The national line moved from 2.2 million to 60,000+ in that same time frame.

But the storyline didn’t reflect that change.

“People will die!” after all.

It won’t change now either.

It’s time to acknowledge that Alabama should be figuring out how to get back open for business.

Here is my suggestion how:

  1. Social distancing continues until August 1
  2. All businesses, outside of bars, restaurants and sporting events, can open on May 1
  3. Bars, restaurants and sporting events can open on May 15 with half occupancy
  4. Everything can fully open up on June 1
  5. Dates can change based on data

Why these dates?

Why not? Archibald based his on less.

The other steps we took were based on incorrect information and a guess.

Nations in Europe are doing similar things, and I thought people wanted us to be like Europe.

Give Alabamians some hope. Let them know there is a light at the end of the tunnel. Be optimistic, but safe. Be smart, but understand that people are suffering here.

Jobs and businesses are already lost, unemployment is through the roof. It’s time to show the people of Alabama that there was a reason for that.

Dale Jackson is a contributing writer to Yellowhammer News and hosts a talk show from 7-11 am weekdays on WVNN.

12 hours ago

Yellowhammer connects your business to Alabama consumers

After nine years, our mission remains the same: reflect our state, its people and their values. As the state’s second-largest media outlet, Yellowhammer connects your business to the people of Alabama.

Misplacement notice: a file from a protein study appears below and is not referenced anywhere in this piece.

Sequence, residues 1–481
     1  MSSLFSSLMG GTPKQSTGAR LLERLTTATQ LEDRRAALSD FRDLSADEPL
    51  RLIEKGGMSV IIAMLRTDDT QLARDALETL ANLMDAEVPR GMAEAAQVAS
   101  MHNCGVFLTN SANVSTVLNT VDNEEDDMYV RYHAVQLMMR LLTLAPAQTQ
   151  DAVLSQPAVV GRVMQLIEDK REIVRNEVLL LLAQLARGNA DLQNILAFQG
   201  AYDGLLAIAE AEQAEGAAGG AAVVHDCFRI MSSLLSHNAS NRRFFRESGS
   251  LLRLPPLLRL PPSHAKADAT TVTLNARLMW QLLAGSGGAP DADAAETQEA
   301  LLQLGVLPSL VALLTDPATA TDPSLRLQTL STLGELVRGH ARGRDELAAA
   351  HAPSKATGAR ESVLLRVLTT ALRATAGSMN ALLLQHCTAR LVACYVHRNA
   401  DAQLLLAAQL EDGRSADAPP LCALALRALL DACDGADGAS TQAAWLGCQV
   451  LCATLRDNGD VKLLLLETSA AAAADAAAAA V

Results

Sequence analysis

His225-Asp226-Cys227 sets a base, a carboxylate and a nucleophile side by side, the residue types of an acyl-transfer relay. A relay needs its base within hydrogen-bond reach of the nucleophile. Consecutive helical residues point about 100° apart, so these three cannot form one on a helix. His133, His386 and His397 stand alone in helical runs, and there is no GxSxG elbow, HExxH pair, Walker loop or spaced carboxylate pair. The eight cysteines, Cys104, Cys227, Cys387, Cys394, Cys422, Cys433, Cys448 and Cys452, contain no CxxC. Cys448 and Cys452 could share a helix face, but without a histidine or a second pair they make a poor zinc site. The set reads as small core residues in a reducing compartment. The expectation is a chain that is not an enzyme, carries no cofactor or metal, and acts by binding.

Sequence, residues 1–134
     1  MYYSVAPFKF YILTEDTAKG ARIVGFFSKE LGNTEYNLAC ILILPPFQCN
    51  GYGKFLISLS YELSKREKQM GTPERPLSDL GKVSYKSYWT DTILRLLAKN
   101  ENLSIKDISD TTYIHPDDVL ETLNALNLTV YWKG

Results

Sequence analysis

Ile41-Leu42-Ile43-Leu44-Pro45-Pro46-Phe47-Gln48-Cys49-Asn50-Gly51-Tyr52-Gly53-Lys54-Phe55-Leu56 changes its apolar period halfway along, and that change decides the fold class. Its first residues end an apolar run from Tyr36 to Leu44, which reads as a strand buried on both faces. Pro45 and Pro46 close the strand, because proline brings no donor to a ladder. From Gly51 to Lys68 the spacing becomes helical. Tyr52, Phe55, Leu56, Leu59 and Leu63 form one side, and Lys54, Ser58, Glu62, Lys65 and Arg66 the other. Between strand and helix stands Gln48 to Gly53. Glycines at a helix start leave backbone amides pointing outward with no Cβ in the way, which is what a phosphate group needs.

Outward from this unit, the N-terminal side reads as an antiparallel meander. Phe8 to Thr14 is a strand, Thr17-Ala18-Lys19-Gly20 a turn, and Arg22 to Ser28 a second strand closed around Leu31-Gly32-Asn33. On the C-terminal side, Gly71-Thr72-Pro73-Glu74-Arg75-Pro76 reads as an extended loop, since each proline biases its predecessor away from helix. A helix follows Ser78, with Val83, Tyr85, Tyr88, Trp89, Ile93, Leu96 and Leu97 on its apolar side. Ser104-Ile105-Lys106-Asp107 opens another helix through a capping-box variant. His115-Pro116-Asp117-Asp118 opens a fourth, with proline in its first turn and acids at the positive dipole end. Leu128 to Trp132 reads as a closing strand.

Online, on the radio, podcasts, events and more. What can Yellowhammer do for you?

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12 hours ago

Ainsworth encourages Alabamians to ‘Ring for the Resurrection’ on Easter

Lt. Governor Will Ainsworth is asking all Alabamians to join him in a “Ring for the Resurrection” campaign on Easter Sunday. The effort is intended to promote unity at this COVID-19 time of prolonged separation and to celebrate the resurrection of Jesus Christ following his crucifixion.

Ring for the Resurrection, which was created by Ainsworth, calls for all churches and individuals across the Yellowhammer State to ring a bell at noon on Sunday, April 12, in joint celebration of the holiday.

“Social distancing guidelines require us to remain apart from our extended families, church members, and other individuals on a sacred religious holiday that normally encourages us to gather together,” Ainsworth said in a statement on Wednesday. “But I realized that the simple act of ringing a bell can allow us to remain physically distant while being united in spirit.”

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“My wife, Kendall, our twin boys, Hunter and Hays, and our daughter, Addie, will be among those ringing a bell at noon on Sunday to celebrate the miracle of Easter,” he concluded. “While Gov. Ivey’s stay-at-home order, the public’s health and safety, and simple common sense prevent Christians from gathering in large groups even on the holiest of days, all of us can join together in spirit as we ring a bell to recognize that Christ has risen.”